- Bargaining: This may be with a higher power or with someone else. “Please, please, please don’t make this be true.” This can happen after you wake up and begin to remember…. and try to bargain to make it just have been a bad dream.
- Depression: You may notice disturbances in eating and sleeping (more or less than usual), isolation, and disinterest in normal activities. People who are grieving can expect this and need to know that it’s normal.
- Acceptance: This stage is where you can think of the person who died and not feel so sad. You begin to remember things and events other than the death. You begin to remember the person who died as much more than just the death. You may never "be okay", you just learn to live without the person present.
Grief Can Be a Roller Coaster
Instead of a series of stages, we might also think of the grieving process as a roller coaster, full of ups and downs, highs and lows. Like many roller coasters, the ride tends to be rougher in the beginning; the lows may be deeper and last longer. The difficult periods should become less intense and shorter as time goes by, but it takes time to work through a loss. Even years after a loss, especially at special events such as a family wedding or the birth of a child, humans may still experience a strong sense of grief.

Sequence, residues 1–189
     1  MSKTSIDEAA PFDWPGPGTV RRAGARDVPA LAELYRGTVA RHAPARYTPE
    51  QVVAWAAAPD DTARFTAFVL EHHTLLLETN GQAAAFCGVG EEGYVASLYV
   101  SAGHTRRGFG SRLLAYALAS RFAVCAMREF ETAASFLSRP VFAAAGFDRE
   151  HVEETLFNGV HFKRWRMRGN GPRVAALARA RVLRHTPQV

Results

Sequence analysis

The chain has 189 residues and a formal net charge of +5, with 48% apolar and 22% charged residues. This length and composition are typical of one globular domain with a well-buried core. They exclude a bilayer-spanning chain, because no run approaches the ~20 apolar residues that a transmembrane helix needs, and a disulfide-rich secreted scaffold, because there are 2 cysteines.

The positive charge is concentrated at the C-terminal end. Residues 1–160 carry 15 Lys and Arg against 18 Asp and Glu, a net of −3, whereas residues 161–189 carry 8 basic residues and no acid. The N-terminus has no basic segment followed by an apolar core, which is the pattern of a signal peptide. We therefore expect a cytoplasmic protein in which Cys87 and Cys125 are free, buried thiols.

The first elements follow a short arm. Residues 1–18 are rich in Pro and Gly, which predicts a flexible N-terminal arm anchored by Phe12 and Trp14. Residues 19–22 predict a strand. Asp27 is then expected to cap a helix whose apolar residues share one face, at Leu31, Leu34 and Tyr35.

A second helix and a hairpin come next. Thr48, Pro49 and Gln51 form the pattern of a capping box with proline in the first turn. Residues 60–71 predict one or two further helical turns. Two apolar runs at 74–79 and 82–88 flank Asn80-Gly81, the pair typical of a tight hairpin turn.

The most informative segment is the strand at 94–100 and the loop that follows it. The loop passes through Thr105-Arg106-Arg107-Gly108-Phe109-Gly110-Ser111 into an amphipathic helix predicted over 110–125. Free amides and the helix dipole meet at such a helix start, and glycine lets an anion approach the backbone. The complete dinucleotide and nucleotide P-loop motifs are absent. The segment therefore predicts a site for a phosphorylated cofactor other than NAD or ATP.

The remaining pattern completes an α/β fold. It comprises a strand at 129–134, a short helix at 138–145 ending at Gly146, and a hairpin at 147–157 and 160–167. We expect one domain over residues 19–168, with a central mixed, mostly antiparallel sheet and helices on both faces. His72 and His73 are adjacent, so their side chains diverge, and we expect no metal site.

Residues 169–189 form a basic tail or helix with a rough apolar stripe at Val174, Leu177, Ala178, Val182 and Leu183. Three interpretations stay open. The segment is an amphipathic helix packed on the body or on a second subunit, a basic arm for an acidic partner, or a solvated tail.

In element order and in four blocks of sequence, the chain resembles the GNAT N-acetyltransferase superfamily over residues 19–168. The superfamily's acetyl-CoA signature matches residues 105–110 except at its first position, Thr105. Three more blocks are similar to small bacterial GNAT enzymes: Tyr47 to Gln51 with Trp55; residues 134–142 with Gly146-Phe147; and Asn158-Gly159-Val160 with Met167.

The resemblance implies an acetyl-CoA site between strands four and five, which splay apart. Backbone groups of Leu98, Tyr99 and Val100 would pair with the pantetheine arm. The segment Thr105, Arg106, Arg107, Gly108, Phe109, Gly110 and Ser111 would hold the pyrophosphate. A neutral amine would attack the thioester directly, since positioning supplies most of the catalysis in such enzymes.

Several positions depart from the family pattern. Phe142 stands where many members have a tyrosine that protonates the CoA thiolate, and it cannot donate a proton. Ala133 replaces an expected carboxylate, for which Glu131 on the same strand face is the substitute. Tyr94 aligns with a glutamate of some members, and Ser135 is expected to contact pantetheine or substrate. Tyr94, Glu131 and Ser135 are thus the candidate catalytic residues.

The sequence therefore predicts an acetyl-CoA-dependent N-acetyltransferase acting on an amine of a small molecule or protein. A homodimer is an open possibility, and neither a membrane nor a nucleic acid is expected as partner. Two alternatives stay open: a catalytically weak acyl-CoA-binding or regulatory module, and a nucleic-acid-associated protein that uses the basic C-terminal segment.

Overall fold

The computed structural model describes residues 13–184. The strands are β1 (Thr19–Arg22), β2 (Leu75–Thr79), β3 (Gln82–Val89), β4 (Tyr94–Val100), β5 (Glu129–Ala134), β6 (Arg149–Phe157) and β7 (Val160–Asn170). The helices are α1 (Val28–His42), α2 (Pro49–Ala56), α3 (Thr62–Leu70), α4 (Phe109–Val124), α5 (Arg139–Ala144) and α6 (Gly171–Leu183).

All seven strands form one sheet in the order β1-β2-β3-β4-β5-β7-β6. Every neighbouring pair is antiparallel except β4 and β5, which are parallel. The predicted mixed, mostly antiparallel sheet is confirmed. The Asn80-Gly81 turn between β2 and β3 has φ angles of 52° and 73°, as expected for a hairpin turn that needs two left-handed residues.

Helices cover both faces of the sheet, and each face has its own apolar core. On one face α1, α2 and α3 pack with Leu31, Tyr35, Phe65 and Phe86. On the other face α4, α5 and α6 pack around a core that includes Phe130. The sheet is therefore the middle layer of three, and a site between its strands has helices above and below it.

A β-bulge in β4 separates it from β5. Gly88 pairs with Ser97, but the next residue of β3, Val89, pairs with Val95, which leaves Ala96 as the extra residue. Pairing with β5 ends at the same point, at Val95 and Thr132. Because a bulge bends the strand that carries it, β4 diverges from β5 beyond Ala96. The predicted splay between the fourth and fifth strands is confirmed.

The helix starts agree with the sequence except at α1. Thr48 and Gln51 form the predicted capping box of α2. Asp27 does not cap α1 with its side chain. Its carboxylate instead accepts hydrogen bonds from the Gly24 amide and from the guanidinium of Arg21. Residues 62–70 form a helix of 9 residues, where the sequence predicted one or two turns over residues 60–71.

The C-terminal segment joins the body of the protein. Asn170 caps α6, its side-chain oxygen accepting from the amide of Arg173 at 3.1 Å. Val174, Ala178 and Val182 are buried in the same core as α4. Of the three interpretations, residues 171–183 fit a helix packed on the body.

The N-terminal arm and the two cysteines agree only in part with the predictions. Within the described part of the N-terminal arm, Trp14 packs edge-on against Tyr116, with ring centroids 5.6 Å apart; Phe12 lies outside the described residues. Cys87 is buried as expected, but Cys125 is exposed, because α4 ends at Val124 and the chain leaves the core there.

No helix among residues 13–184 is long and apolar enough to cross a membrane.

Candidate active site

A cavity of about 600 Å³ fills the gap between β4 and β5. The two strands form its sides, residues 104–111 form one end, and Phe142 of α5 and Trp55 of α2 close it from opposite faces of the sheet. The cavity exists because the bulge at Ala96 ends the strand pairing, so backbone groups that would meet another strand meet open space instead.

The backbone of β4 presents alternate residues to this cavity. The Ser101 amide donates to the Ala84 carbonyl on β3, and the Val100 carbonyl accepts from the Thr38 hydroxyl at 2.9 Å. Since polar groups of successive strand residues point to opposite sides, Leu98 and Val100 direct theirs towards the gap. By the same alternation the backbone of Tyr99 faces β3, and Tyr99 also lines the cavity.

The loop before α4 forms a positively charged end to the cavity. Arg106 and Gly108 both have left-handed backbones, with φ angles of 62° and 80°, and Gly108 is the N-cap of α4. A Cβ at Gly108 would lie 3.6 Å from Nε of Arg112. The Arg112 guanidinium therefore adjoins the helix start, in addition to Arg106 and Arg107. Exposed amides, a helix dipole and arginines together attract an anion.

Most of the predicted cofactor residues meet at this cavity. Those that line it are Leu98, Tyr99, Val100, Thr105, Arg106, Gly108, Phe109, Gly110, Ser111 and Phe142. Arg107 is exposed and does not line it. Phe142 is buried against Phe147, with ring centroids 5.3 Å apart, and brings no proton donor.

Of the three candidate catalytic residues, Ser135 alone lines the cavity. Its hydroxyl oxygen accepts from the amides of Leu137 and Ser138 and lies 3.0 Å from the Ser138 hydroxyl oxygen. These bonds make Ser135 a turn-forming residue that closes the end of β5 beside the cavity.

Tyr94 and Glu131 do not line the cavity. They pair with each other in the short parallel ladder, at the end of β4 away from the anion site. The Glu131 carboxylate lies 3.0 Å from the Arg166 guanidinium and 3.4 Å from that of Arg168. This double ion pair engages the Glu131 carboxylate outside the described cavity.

It's important to accept and acknowledge all feelings that may come up for a person. Be willing to sit in silence. Don’t press if the grieving person doesn’t feel like talking. On the other hand, people who are grieving may need to tell the story over and over again, sometimes in detail. You can offer comfort and support just with your presence. If you can’t think of something to say, just offer eye contact, a squeeze of the hand, or a reassuring hug.
Things to Consider Saying:
- I’m sorry for your loss.
- How can I help you?
- I wish I had the right words, just know that I care.
- I don’t know how you feel, but I am here to help in any way I can.
- You will be in my thoughts and/or prayers.
- My favorite memory of your loved one is…
- Tell me about your loved one.
- Say nothing - just be with the person or give a hug if appropriate.
What Not to Say:
- At least they lived a long life.
- They are in a better place.
- It was their time.
- There is a reason for everything.